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"A penny for your thoughts"

Sunday, February 10, 2008

Body-in-drum decomposed remains uncovered

A jury at the Victoria Supreme Court in Melbourne in February 09, 2008 found that Frederick Boyle shot his wife Edwina Ruth Boyle, then aged 30, in the head before concealing her remains. During the 10-day trial, Boyle - who pleaded not guilty to his wife's murder - had said he panicked when he found her dead in bed.

Frederick Boyle arriving at the Victoria Supreme Court

Mrs Boyle's sister Valerie Bordley, who lives in Watford, north of London, and had reported her sister missing in 1994, said she thought the case would never be solved.
In evidence, Boyle's eldest daughter Careesa, told the trial that she had heard her parents fighting about her father's affair with Ms Virginia Gissara in the weeks before her mother disappeared. Ms Boyle said that “within days” of her mother disappearing, Ms Gissara moved in with the family. Ms Gissara said she had moved in because she had had a row with her husband and had nowhere else to go.She denied having had plans to co-habit with Mr Boyle prior to his wife's disappearance.She and Mr Boyle separated in 1988. Ms Gissara believed Mrs Boyle, 30 at the time of her disappearance, was alive despite helping the defendant dispose of all her clothes.
She told prosecutor Gavin Silbert: "I always thought Edwina would return. I knew there would be words, but I just always thought she would come back."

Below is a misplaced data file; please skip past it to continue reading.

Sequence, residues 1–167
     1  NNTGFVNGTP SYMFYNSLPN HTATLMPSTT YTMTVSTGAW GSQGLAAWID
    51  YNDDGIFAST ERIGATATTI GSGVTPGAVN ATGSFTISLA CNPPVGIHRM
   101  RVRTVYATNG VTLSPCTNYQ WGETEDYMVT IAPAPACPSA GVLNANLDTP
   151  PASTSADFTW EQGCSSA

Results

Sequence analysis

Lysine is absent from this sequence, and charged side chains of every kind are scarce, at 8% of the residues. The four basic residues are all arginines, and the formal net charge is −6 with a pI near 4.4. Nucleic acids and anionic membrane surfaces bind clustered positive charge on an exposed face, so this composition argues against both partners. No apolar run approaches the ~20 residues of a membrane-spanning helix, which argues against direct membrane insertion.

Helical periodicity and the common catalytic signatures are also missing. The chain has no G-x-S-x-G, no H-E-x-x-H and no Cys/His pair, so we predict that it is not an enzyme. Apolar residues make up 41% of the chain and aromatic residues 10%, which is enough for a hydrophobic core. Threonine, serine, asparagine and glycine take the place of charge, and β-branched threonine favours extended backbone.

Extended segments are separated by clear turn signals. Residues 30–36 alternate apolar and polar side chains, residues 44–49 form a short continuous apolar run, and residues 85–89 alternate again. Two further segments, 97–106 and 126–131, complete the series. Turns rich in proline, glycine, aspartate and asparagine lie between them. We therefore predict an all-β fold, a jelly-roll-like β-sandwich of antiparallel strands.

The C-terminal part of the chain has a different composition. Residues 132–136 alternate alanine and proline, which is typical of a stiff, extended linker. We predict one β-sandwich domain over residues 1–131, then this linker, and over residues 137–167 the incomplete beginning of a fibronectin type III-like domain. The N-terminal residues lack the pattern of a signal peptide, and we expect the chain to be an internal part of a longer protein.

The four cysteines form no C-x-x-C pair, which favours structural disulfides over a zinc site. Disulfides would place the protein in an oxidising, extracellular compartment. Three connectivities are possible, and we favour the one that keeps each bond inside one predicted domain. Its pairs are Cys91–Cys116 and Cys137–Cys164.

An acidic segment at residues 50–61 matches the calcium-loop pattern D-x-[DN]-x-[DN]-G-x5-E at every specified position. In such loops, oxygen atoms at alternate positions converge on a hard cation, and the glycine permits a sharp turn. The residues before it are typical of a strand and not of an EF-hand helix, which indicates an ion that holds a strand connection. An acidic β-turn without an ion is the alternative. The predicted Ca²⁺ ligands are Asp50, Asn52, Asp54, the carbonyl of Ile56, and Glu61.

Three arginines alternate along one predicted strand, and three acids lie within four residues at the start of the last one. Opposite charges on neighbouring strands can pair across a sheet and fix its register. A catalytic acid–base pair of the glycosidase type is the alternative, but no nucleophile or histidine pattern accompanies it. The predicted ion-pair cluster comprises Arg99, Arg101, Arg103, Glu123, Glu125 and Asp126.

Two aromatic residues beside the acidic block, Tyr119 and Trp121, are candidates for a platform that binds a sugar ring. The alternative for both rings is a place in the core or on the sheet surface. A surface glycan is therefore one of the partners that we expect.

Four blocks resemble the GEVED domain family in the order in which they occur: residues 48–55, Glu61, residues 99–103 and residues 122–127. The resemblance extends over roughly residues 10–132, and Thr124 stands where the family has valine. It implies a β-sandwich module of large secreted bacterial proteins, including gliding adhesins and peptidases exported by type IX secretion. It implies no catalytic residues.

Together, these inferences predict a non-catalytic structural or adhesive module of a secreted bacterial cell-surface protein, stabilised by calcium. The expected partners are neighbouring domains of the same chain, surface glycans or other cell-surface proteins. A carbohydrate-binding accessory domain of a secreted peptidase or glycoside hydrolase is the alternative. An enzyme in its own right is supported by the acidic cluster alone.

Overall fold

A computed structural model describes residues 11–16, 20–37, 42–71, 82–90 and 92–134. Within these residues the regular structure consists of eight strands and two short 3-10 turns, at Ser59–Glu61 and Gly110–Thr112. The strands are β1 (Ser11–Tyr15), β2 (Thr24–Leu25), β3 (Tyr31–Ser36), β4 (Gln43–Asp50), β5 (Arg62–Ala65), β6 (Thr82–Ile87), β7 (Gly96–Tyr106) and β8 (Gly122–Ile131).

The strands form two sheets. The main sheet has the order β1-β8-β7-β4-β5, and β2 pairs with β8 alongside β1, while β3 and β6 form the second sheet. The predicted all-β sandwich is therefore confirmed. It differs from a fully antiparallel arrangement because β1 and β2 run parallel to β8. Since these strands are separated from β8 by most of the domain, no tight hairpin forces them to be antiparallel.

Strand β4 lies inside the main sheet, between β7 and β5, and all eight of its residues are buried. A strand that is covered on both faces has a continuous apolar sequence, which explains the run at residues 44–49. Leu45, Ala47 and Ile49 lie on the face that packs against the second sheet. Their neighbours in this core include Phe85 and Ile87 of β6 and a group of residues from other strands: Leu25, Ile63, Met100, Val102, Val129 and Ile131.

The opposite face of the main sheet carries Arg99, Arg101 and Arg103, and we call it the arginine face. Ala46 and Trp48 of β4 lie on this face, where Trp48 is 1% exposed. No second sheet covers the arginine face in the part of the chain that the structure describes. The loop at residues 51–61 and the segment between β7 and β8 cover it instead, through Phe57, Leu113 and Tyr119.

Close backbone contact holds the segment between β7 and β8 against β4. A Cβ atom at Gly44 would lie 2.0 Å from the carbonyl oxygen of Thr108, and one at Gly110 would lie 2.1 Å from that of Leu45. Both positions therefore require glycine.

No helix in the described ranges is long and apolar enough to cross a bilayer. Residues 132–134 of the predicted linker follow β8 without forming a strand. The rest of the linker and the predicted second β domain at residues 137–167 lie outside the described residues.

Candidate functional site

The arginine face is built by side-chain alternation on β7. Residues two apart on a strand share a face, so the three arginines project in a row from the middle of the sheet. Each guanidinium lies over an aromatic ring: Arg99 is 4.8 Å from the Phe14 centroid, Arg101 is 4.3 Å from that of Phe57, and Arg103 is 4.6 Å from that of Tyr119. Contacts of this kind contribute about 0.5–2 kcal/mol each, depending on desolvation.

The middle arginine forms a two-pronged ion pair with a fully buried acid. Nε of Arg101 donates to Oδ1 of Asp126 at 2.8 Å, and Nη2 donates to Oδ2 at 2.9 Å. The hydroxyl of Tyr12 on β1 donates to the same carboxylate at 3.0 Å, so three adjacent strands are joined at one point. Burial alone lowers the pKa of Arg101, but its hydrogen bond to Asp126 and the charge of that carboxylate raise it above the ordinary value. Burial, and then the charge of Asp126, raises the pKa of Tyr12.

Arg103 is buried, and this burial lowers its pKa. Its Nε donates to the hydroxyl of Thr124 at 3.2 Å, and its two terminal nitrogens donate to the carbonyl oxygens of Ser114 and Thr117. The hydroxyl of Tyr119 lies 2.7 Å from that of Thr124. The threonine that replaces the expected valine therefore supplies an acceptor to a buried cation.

Among those in court today were Boyle's daughters Careesa, 35, and Sharon, 32, as well as Mrs Boyle's sister Valerie Bordley, who had travelled from Wales for the trial which started on January 31. Justice Jack Forrest remanded Boyle in custody for a sentencing date in about two weeks.
Edwina Ruth Boyle's sister Valerie Bordley

CARPET layer Frederick William Boyle,58, a British migrant, originally emigrated from Peterston-super-Ely in the Vale of Glamorgan in the early 1970s,the former Cardiff bus driver, kept his murdered wife Edwina for 23 years in a 44-gallon drum, which was taken from place to place when his family moved.

The decomposed remains was discovered during a household clean-up by the couple's son-in-law, Michael Hegarty in 2006 in a 44-gallon drum kept in the backyard of the family home at Carrum Downs, in Melbourne's outer southeast.

Boyle had claimed his wife whom he married in February 1972 had run off with a truck driver when she disappeared on 6 October, 1983.(Careesa, then 11,and Sharon,8)

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